Harvard Extension School

I’m applying starting this summer.
Those who have completed the pre-med post bac program there, any pros and cons?

They rejected me.
I am over it now.

I thought it was open admission!

Are you applying during the summer or to start during the summer? I have taken a few classes there (intro. psych, gen chem I… will be starting gen chem II in a week and a half), though I haven’t officially enrolled in the Health Sciences program yet. Here are my takes:
* tuition is very reasonable
* evening lectures and fairly flexible lab/discussion session options
* general chemistry class has tremendous profs
* good facilities and location
* diverse group of students (age-wise, at any rate)
*cost of living in Boston is extremely high
*very difficult to work full-time and take more than one class at a time… it’s been manageable with one, but I was hoping to do two next fall and I don’t think that’s going to work… unless I win the lottery
*The people in charge of the program don’t seem to be the friendliest… I guess they want to be realistic, but it can come across as negativity… luckily you really don’t have to deal with them that often.
My $0.02!

Calvin, did you apply to the program and get rejected? Now I’m having second thoughts. Hmmm…
Tris, I thought HES was open enrollment too but I believe one still needs to apply to get in to the program.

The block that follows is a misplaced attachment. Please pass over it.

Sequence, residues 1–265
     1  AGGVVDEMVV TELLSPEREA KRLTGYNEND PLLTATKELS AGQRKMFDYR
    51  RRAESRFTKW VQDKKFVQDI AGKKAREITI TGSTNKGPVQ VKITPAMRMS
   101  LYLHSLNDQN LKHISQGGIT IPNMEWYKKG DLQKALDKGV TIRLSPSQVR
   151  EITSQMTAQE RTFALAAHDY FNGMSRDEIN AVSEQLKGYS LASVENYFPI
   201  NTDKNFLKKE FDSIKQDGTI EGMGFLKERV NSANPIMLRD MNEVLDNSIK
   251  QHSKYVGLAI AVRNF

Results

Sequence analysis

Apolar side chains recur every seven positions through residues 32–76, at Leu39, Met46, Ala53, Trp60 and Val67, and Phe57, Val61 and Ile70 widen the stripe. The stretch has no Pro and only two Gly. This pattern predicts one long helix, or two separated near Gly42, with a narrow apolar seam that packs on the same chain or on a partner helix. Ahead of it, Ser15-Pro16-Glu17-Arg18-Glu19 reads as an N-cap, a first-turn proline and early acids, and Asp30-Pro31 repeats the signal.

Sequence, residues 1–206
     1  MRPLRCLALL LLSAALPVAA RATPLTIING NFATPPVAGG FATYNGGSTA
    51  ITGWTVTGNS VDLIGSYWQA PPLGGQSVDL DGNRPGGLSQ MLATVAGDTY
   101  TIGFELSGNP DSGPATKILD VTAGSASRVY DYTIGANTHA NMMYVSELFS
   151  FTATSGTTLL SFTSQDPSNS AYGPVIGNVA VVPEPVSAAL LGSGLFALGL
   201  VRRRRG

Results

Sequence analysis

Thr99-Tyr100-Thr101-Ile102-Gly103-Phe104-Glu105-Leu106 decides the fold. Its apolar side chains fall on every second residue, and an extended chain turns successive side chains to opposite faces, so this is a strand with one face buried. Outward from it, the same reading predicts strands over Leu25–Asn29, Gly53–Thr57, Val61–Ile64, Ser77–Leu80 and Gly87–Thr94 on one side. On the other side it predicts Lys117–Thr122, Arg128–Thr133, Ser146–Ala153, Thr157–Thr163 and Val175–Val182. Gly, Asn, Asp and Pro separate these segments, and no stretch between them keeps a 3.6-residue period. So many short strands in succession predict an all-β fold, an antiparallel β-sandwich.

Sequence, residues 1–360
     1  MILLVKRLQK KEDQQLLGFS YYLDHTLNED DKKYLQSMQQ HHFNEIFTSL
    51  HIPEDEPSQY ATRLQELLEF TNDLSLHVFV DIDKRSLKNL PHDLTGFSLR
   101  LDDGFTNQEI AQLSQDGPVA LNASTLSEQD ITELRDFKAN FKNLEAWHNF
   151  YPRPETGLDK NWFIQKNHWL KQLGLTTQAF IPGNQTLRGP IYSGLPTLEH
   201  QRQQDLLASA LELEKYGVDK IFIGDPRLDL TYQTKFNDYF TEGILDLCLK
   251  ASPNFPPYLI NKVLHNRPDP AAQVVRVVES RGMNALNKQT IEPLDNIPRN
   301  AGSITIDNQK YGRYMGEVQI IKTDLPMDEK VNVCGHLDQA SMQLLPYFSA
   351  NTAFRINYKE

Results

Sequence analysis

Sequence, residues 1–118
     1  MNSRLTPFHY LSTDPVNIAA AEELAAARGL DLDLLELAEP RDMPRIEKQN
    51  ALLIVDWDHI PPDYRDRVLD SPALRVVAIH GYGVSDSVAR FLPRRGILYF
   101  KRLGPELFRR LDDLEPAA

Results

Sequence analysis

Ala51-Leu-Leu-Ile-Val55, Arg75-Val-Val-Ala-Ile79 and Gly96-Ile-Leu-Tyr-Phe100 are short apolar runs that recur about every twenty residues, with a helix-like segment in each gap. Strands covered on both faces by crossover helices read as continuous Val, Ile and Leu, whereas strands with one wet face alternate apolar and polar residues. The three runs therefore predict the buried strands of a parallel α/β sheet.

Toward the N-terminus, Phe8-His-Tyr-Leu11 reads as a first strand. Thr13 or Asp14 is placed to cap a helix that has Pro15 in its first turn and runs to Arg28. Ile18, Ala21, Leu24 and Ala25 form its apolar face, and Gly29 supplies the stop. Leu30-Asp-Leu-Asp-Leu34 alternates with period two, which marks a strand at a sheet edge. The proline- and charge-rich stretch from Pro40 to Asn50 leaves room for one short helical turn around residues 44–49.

Arciedee, I’m applying now to start in the summer with Harvard Summer School then on to the Extension School in the fall. I’m not from the Boston area but if all works out, I’ll be relocating there possibly this spring. Currently, I’m in a rampage searching for work and room and board. Since you’re from there any suggestions?

I’m planning to take chemistry at the summer school without enrolling in the HCP. If I do well in chemistry, I’ll probably move on to organic and biology in the fall and apply to officially enter the HCP program. The way I see it, if my brain isn’t classroom-compatible anymore I won’t have wasted people’s time. (Just my own. And my money.)
Courses at the extension school and summer school are indeed open admission, so in theory you don’t have to apply for anything. HCP (http://www.extension.harvard.edu/hcp/) gives you a premed advisor and the opportunity to get a letter of recommendation. They are having an informational session tomorrow night (1/29/04) so if you are in town you might want to drop by. I’ll be there; anyone else going?